Yesis there anyway to share more of arekas photos? Especially the trapeze setup.
Here's a view that shows the approximate setup and location of the trapezes. This boat has the contemporary "rope/plate" style handles - you grab the rope, and the plate stops your hand from sliding farther down. The plates should be roughly at same level as the top of the boom (lower measurement mark); if you use another style of handle (such as the T- or triangle-shaped ones), they should be about 10 cm higher. The exact position is determined by crew size and his/her personal style and preference.
The rope/wire joint doesn't have to be that high, but it can as it's not very critical. About half of the rope length on this boat would still be fine.
The fairleads or blocks for the return elastic on the side deck should be located like this, distant enough from the chainplates, so the trapeze doesn't get wrapped around the shroud that easily. On many 1970s boats this is a problem (and is rather easy to fix).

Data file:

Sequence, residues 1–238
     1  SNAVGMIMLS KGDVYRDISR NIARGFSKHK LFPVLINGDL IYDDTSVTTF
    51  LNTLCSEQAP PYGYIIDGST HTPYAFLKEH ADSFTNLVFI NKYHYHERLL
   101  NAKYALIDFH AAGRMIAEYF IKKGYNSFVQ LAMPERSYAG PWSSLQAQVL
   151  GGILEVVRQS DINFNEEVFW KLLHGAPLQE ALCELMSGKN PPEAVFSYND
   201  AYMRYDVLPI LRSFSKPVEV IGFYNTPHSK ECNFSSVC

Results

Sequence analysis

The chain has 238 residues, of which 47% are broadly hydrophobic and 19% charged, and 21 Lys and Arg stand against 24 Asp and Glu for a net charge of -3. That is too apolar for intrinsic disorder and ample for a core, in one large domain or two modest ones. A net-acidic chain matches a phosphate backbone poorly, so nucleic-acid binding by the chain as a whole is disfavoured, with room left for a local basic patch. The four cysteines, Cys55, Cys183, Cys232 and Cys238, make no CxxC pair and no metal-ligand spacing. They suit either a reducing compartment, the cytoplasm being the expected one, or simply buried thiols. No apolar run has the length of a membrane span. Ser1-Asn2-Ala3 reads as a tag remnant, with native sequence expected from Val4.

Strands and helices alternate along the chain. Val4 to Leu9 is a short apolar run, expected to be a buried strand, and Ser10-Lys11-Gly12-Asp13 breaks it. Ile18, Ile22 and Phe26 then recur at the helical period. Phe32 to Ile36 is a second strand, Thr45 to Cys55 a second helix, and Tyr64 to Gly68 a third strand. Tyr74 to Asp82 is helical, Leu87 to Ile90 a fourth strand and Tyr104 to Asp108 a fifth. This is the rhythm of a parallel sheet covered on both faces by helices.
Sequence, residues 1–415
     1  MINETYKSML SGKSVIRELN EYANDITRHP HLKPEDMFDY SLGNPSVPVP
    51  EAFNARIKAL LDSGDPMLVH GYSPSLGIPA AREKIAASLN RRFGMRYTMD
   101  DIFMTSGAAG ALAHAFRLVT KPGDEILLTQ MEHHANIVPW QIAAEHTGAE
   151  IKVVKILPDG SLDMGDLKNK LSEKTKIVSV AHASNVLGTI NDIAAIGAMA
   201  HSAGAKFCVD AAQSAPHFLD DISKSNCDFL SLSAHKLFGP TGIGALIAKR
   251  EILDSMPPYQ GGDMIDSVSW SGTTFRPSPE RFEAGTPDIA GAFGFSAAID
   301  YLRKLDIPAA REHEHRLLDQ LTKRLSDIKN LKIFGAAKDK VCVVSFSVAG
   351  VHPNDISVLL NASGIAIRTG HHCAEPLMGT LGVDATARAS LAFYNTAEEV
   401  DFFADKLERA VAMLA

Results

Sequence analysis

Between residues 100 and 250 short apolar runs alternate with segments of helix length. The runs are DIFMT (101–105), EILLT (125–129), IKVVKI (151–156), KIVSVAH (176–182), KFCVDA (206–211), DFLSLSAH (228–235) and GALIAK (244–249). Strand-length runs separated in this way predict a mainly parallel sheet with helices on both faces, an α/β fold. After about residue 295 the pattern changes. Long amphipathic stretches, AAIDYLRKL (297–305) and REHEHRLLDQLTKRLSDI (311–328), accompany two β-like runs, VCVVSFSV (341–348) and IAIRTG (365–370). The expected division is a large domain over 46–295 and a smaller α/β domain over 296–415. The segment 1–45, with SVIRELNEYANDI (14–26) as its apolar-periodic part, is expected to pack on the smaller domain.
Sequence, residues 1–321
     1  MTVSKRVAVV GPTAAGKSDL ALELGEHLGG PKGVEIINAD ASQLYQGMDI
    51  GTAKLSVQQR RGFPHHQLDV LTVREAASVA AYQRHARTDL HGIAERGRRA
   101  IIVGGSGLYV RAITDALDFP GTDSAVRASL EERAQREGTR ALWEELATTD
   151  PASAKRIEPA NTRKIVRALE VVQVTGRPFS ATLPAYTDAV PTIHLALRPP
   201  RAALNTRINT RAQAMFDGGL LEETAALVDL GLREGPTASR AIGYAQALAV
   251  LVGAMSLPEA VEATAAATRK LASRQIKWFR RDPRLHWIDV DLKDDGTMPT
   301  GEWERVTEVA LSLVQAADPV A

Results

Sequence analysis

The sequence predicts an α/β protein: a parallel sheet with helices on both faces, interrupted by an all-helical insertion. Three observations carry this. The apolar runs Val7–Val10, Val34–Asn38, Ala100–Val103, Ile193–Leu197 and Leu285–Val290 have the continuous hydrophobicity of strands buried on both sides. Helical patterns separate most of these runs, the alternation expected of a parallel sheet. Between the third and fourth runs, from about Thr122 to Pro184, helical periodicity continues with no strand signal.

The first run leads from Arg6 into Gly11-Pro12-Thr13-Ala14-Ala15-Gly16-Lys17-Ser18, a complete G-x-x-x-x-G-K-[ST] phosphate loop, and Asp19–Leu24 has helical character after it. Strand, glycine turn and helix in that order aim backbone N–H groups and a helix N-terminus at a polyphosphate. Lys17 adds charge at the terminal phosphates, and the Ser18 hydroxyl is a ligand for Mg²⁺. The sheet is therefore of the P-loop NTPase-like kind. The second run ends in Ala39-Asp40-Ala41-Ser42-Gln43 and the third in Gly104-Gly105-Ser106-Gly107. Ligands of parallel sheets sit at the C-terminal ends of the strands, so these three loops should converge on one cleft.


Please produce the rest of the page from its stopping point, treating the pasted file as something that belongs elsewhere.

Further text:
A closer look at the wire/rope joint. This can be tied or spliced in any way you want really.
The other types of handle were usually connected directly to the wire (which meant that the wires were longer), but there's nothing that keeps you from using a connecting rope with those, too. The original wires for your boat very likely need to be shortened considerably. (Have you found them yet?)
Here's the handle, height adjustment system and ring. The rope is slid through a piece of plastic tube for better grip (which could be twice that length). The standard choice of cleat is a Clamcleat, but a block with an integrated wedge cleat is fine, too.
The return elastic is attached the right way, so that it releases the ring from the harness hook just by pulling the handle.
On the opposite side, you can see the elastic go behind the blue spinnaker bag...
... to a turning block near the mast step, and continuing aft...
.. to another turning block behind the centreboard case that sends it back forward, to the port side trapeze:
This is a fairly standard system, but there are countless other ways to lead the elastic, including having it crisscross hidden behind the spinnaker bags, or leading it to the transom along the side tanks, etc. The two sides don't need to be connected, but it's a neat way of doubling the stretching length.
Hope this answered some of your questions